Regulatory officials and global scientific and regulatory experts came together in Bulgaria last week at a Food Supplement Training Forum to discuss and share global regulatory developments and trends on food supplements.
Eleven officials from Bulgaria, Croatia, Ukraine, Macedonia and Albania attended the two-day event in Sofia on 10-11 March, to discuss the various challenges faced by authorities in regulating food supplements in the South East European region.
Discussions focused on regional and global regulatory models and trends for food supplements, and included a two-hour presentation on the EU food supplement regulatory framework from Basil Mathioudakis, Head of the European Commission’s Food Law Unit of DG SANCO.
Other speakers included Professor David Richardson, Scientific Adviser to the UK Council for Responsible Nutrition and European Federation of Health Product Manufacturers (EHPM); Dr John Hathcock, Vice President of Scientific and International Affairs at the US Council for Responsible Nutrition, Patrick Coppens, Secretary General of the European Responsible Nutrition Alliance (ERNA); and Simon Pettman, Executive Director of the International Alliance of Dietary/Food Supplement Associations (IADSA).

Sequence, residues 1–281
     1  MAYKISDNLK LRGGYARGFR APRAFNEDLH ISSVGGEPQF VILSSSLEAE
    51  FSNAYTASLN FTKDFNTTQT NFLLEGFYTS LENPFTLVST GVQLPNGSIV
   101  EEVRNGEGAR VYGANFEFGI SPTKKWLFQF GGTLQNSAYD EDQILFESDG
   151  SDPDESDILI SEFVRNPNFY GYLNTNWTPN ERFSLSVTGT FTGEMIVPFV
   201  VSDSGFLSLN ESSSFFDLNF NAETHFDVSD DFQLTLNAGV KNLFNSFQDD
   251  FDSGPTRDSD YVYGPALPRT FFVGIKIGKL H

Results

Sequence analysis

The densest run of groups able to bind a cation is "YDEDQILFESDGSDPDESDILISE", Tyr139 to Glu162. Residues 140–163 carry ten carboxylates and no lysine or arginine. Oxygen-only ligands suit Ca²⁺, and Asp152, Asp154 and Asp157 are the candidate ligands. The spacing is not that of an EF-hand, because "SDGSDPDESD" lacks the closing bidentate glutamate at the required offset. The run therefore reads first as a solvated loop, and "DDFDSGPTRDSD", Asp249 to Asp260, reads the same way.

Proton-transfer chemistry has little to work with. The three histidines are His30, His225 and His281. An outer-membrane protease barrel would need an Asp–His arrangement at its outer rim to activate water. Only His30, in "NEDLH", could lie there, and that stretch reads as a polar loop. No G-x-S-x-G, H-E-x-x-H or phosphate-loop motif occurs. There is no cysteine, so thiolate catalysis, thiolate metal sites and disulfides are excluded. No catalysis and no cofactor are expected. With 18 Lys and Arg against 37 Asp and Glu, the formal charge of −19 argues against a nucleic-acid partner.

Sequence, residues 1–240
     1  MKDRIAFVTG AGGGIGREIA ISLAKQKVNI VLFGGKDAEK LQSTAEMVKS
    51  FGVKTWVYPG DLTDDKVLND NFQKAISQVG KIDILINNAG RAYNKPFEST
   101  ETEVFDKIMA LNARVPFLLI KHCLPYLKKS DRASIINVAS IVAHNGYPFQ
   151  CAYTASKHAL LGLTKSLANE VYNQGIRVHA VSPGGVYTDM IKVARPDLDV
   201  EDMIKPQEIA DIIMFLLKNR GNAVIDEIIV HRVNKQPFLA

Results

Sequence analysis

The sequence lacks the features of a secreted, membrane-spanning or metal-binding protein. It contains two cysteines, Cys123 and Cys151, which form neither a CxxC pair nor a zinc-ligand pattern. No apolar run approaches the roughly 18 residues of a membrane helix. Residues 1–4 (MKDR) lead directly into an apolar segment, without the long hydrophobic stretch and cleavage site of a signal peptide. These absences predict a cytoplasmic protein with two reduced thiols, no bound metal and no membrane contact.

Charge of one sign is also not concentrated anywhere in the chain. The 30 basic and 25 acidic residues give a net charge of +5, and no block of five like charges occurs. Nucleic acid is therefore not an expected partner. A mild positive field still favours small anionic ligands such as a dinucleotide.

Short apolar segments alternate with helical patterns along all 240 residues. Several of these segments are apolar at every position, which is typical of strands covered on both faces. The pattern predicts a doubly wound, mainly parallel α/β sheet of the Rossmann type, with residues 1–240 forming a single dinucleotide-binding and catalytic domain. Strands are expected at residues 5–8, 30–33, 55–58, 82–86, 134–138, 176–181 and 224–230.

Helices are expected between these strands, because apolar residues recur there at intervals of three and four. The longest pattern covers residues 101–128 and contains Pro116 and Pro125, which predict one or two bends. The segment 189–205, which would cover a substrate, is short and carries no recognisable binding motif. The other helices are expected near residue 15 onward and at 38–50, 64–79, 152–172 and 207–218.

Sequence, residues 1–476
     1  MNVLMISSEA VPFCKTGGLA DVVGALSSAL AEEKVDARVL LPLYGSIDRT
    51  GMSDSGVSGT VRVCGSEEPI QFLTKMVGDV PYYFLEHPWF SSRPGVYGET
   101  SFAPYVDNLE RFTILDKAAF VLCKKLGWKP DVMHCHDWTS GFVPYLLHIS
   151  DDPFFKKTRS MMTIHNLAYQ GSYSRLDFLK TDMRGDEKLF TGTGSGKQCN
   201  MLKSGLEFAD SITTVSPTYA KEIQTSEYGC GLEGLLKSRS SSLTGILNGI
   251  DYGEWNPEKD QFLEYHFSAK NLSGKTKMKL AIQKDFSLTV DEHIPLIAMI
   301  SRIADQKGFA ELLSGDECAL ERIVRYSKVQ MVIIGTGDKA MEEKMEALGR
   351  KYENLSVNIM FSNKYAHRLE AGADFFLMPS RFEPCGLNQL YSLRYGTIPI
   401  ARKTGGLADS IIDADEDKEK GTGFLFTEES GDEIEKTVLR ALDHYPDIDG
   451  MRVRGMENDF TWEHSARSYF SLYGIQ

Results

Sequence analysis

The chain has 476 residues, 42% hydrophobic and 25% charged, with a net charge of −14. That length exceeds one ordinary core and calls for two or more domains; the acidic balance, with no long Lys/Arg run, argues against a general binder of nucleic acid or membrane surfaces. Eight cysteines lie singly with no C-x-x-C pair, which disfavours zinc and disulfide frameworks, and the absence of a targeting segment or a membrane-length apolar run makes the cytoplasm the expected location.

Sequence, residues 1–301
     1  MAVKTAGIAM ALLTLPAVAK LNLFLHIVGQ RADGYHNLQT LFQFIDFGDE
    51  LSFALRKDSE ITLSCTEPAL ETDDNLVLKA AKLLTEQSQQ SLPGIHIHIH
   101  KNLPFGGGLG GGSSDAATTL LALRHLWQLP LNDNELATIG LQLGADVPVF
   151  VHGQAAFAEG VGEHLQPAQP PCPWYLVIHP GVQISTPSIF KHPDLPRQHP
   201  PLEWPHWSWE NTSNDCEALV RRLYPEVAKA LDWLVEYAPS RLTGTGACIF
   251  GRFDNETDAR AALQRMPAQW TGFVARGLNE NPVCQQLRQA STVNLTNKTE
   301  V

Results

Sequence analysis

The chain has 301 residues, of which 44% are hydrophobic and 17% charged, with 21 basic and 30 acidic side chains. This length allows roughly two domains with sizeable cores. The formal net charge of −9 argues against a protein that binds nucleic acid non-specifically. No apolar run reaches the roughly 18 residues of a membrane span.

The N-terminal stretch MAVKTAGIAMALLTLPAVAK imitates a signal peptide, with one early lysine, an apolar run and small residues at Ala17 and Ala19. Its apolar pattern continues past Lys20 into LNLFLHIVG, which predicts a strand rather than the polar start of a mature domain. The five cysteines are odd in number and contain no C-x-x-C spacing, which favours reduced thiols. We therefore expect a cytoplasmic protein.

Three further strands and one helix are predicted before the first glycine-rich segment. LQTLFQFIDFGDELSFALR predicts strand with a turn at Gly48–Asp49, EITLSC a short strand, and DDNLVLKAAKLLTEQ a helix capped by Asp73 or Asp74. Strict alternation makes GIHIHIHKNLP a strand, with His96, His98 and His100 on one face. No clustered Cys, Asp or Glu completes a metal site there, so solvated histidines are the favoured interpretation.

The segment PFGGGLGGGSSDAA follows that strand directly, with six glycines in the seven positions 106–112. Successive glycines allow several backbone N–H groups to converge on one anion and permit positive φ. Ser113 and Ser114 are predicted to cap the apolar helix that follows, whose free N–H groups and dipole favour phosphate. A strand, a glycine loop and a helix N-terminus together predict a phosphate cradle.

The event was organised by IADSA and the Faculty of Public Health / Medical University of Sofia.
“With presentations from authorities and global experts in their fields, the event provided not just a unique exchange of information, but also a vital forum for helping to develop best practice in the field of regulation and policy,” said Peter Van Doorn, Vice Chairman of IADSA. “Many of these countries are in the process of reviewing their regulation for food supplements and functional ingredients and this Forum provided a timely and valuable opportunity for them to look at the best models worldwide.
Topics covered included safety and quality surrounding food supplements; the safety assessment of bioactive ingredients; the role, safety and benefits of botanicals in food supplements, the role of supplementation for specific population groups; and borderline issues for foods, cosmetics, traditional herbal medicines and medicines.
“Food supplement regulation and policy has become the topic of much discussion in Europe and internationally over the past few years,” said Ric Hobby, Chairman of IADSA’s Company Council. “More than sixty countries worldwide are currently in the process of developing new laws in this area or modifying their existing laws. Following and understanding these developments across the world, the solutions that are being proposed and how these solutions can be applied to policy objectives to ensure improvements in health of the population is an ongoing requirement for both regulators and scientists.”